“The IEAB is gathering information on possible impacts to infrastructure within the Council’s sphere of influence, including any submerged components and conduits of the FCRPS, including juvenile and adult fish passage and monitoring facilities, navigation locks, hydropower facilities, raw water distribution systems for hatcheries, turbine cooling, and water supply; trash racks, diffuser gratings, and drains.

Non-FCRPS [Federal Columbia River Power System] irrigation, municipal water supply and other infrastructure could also be affected, and a mussel invasion also has the potential to collapse the existing food chain.

There are no known zebra or quagga infestations in the Pacific Northwest but they seem to be moving closer and closer. The invasive mussels were found in January 2007 in Lake Mead in the Southwest and since then quagga or zebra mussels have been found in Arizona, California, Colorado, Nevada, Texas and Utah.”

In the Columbia system, however, there are still plenty of questions about whether the organisms can survive in our low calcium waters or under different types of stream conditions.  The results of a study in the Frontiers of Ecology and the Environment published on-line in by OSU’s Thom Whittier and others shows that these European mussels don’t thrive unless waters are still and calcium levels are high.  Many of the streams and lakes of Western Oregon and Washington are therefore, probably low risk in terms of infestation. But uncertainties remain, as they did in the Colorado River system before the mussels arrived there and proliferated, despite some of the indications otherwise.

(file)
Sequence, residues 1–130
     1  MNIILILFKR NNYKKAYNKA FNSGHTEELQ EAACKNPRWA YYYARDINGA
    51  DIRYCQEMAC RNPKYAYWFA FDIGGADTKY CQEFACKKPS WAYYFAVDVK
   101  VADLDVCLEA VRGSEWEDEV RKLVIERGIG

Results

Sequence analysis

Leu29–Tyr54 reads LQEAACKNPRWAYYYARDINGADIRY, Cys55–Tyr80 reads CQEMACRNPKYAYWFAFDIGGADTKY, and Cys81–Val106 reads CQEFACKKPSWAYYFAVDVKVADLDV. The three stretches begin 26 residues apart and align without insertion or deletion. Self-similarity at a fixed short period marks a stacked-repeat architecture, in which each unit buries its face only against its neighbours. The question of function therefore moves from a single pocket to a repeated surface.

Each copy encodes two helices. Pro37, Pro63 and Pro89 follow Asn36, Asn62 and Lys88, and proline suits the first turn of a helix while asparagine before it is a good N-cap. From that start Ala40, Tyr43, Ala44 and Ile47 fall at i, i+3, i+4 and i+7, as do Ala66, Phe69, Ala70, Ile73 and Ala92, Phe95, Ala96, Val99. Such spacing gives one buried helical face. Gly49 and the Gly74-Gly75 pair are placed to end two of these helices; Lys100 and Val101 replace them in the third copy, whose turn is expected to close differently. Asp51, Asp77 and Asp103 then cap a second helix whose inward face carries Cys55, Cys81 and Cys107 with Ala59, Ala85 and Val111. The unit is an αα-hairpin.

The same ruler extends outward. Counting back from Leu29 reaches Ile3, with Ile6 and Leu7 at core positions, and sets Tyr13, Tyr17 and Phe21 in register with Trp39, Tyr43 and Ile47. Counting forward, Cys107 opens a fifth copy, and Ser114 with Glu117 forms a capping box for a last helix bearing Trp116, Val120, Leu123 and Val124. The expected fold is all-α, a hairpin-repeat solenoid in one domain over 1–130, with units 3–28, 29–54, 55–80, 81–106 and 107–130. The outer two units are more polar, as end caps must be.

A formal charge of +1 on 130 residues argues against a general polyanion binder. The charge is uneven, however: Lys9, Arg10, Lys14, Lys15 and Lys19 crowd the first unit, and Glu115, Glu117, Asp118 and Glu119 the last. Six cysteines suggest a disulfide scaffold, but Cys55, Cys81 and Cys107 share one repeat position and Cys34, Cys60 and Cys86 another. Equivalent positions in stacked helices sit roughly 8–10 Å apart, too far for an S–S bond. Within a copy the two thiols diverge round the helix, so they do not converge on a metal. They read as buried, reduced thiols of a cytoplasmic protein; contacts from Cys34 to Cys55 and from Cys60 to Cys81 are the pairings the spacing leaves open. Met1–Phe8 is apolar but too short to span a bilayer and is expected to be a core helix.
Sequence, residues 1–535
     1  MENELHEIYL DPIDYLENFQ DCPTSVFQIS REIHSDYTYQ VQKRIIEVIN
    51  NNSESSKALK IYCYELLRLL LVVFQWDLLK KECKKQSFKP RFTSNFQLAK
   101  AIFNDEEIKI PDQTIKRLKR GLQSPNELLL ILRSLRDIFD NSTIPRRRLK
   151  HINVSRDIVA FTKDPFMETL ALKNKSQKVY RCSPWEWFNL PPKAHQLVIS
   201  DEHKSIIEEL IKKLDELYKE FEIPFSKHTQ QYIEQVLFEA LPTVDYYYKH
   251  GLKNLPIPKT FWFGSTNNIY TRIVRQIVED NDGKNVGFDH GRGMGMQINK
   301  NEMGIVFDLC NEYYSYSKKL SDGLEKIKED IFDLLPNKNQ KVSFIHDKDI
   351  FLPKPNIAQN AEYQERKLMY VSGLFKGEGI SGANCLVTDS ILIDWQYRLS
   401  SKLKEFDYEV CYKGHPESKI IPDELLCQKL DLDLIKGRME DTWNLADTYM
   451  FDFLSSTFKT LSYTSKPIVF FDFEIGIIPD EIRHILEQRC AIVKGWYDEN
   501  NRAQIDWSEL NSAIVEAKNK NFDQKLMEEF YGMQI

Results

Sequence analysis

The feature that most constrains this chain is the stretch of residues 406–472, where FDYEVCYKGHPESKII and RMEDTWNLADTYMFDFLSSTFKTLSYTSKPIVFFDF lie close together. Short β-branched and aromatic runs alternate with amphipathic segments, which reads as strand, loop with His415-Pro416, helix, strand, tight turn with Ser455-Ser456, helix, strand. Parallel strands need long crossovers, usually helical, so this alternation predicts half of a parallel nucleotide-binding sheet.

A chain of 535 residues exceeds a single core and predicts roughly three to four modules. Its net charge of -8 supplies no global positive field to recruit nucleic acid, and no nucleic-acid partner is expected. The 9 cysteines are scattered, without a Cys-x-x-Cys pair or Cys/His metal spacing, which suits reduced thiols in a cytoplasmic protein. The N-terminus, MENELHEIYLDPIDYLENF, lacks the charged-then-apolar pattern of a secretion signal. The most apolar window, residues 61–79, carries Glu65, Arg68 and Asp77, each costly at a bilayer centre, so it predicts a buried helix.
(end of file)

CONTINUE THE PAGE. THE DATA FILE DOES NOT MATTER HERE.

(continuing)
Image courtesy of Thom Whittier, OSU Department of Fisheries and Wildlife.

What have these organisms cost other, comparable areas?  In the Great Lakes area–the location with the longest history of infestation, mussels have cost the power industry about $3.1 billion between 1993 and 1999 according to Congressional researchers. Overall community impacts totaled at least $5 billion according to the Quagga-Zebra Mussel Action Plan for Western U.S. Waters.

The point of this is that for quagga and zebra mussels, as well any other aquatic invader, risk–biological, physical and economic–needs to be determined to better prepare for invasions.

If you know the enemy and know yourself, you need not fear the result of a hundred battles.  If you know yourself but not the enemy, for every victory gained you will also suffer a defeat.  If you know neither the enemy nor yourself, you will succumb in every battle. — Sun Tzu, “The Art of War”